Months ago, Politico reporter Joe Williams got into trouble after saying on MSNBC that Mitt Romney was comfortable only among white people. He was hammered, suspended and ended up leaving Politico.
Weeks ago, ABC News’s Brian Ross got in trouble for jumping to the conclusion that a Tea Party activist may have been the guy who was arrested for the Aurora, Colo., massacre. He was hammered but kept his job.
A week and a half ago, Politico’s Dave Catanese got in trouble for tweeting a thought experiment in defense of Todd Akin’s miserable remarks about rape and pregnancy. He was hammered and took a little break from reporting but kept his job.
Today, Yahoo Washington Bureau Chief David Chalian got into trouble when he said on mic that Romney and the Republicans “are happy to have a party with black people drowning,” an outburst first reported by NewsBusters. He was hammered and is now out of a job.
Of all these consequences, the ones befalling Chalian appear the most appropriate.
Yahoo responded by doing what organizations do. Issuing a statement, that is:
David Chalian’s statement was inappropriate and does not represent the views of Yahoo!. He has been terminated effective immediately. We have already reached out to the Romney campaign, and we apologize to Mitt Romney, his staff, their supporters and anyone who was offended.
Chalian then attempted to use the old “joke” line in an apology:
I am profoundly sorry for making an inappropriate and thoughtless joke. I was commenting on the challenge of staging a convention during a hurricane and about campaign optics. I have apologized to the Romney campaign, and I want to take this opportunity to publicly apologize to Gov. and Mrs. Romney. I also regret causing any distraction from the exceptional coverage of the Republican convention by Yahoo News and ABC News.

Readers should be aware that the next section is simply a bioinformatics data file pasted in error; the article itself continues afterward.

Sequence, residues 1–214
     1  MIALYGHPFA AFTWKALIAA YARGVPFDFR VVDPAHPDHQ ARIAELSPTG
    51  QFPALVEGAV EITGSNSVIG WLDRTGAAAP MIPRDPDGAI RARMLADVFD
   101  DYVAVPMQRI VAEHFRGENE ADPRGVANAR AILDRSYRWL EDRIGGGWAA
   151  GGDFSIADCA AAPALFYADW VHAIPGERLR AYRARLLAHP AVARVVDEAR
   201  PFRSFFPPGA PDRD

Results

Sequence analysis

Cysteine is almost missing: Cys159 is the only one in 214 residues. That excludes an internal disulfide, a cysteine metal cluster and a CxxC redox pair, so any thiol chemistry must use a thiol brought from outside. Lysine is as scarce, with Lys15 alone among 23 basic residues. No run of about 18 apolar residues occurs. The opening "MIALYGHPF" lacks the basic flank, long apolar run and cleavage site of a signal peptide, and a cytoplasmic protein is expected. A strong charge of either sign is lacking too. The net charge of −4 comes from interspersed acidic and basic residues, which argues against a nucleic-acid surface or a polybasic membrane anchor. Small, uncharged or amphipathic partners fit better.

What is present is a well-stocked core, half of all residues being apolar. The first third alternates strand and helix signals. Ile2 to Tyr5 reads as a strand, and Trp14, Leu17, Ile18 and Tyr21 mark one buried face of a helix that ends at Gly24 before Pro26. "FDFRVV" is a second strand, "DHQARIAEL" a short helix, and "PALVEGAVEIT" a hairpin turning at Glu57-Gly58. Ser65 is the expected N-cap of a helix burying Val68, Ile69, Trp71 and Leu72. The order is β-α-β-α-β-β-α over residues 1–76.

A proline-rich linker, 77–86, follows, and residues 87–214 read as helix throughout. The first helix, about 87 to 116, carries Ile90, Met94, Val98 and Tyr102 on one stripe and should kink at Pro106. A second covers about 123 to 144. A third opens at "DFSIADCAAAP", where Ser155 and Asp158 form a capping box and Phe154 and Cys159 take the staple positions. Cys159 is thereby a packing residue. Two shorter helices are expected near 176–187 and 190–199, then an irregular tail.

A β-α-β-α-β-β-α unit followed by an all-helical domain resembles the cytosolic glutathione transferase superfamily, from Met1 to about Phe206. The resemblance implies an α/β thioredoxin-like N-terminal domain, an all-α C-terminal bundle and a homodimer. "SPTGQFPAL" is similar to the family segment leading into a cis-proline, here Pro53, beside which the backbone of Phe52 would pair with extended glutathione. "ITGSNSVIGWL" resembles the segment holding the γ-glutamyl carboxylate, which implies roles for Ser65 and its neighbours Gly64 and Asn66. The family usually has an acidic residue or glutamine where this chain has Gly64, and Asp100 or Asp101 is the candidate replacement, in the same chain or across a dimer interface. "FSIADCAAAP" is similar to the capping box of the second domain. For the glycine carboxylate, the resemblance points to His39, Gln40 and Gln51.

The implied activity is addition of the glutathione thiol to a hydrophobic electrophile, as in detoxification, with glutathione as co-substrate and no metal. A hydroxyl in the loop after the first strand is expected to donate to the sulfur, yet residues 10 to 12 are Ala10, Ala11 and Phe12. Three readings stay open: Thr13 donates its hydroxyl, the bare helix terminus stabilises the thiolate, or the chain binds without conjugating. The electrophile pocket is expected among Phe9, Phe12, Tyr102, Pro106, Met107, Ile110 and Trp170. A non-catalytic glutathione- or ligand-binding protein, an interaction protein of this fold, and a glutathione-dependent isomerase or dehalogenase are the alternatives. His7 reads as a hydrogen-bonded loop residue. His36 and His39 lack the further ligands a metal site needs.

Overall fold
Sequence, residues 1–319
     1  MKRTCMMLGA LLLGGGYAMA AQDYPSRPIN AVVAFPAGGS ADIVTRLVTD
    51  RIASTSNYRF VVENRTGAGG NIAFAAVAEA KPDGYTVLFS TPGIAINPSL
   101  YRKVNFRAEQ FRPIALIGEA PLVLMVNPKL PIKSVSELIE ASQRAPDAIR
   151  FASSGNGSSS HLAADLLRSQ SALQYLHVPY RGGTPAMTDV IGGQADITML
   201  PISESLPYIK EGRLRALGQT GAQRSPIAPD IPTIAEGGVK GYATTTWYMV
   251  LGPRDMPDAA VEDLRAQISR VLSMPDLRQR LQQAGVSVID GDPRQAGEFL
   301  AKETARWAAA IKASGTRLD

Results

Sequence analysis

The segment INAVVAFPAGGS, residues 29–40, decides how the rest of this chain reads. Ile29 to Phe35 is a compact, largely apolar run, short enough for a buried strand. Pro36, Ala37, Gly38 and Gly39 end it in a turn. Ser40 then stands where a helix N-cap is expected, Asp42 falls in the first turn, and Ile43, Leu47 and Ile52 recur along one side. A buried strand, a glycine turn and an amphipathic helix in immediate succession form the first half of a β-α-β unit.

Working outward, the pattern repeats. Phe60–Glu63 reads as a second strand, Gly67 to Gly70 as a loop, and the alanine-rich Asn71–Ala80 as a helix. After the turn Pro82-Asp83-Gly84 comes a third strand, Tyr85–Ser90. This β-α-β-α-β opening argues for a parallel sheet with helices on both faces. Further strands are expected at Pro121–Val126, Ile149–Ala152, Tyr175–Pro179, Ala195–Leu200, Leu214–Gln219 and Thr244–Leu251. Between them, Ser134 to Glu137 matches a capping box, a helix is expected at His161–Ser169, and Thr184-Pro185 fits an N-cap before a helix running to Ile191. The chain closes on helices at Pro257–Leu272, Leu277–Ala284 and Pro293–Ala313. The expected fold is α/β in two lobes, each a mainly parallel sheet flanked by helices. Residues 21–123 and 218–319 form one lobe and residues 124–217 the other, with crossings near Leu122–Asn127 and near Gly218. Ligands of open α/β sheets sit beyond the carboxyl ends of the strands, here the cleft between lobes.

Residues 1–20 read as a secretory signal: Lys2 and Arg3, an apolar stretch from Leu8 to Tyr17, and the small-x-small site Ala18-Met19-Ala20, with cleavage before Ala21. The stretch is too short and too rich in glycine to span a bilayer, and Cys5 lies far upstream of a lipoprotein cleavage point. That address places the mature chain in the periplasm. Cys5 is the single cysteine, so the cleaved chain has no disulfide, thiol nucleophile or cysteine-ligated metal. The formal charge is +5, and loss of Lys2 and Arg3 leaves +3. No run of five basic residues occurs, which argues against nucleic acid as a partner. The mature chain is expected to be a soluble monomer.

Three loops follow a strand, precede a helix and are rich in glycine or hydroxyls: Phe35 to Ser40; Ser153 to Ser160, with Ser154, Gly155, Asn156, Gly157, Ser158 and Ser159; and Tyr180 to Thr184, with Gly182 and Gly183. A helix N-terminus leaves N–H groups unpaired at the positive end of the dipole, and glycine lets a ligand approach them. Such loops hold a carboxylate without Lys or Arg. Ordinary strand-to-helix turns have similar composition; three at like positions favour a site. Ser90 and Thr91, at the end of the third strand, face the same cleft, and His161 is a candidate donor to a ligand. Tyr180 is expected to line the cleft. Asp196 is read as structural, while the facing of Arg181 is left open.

Bold text added to highlight idiocy. “Optics,” huh? How about the optics of this guy’s assessment of Mitt Romney and the Republican Party? What do those optics look like? Political jargon and posterior covering make for an ugly mashup.
If you’re a journo and you’ve ever said anything as “inappropriate” as— Jack Shafer (@jackshafer) August 29, 2012
@davidchalian (which you have!) please step up to be fired now.
That’s the media critic for Reuters, who poses a compelling question. But here’s another one: If you don’t unload a guy like Chalian, what do you do with him? Let him continue directing coverage of a convention that he clearly believes is morally bankrupt? Promote him?
Surely a look at the record could yield some insights. Did the work that Chalian presided over carry any slant or bias? It’s worth a long look.
That said, Chalian’s “joke” wasn’t a joke, which is to say it wasn’t harmless. It indicated that he had reached the conclusion, even if it was couched in jest, that Republicans don’t care if black people drown in a tragic storm. It’s a sentiment suggesting that, no matter the circumstances, Chalian would have some difficulty giving Republicans a fair shot in coverage.
And that’s precisely what distinguishes it from the previous stupidities inventoried above. Williams’s observation about Romney’s racial comfort level was clearly edgy but didn’t come even close to alleging evil in the soul of Republicanism. Ross screwed up big-time under deadline, placing excessive credence in a Web page kicking up allegations — debatable ones, for sure — that he was biased against Tea Party folks. Catanese showed ignorance about women’s issues, not the sort of sneering contempt that Chalian mouthed into the mic.
Attempts to get a bit deeper on this question aren’t working out too well just yet. A high-ranking Yahoo official declined to chat. A former colleague didn’t have much to say aside from endorsing Chalian as a “really really terrific guy and a top-notch journalist.”
This top-notch journalist, I hope, finds a place to practice his craft again. Titles like Travel + Leisure, Outside, Maritime Executive and Lego Magazine would be good landing pads. An outlet majoring in evenhanded political coverage, however, doesn’t appear to be the right landing spot for Chalian.
Then again, journalism is a big place. There are plenty of outlets at which he could stand up and take a bow for such a “joke,” not apologize for it.
Update 8/30, 9:40: Piece updated to credit NewsBusters for having broken the story of the audio. Apologies to that organization for this omission.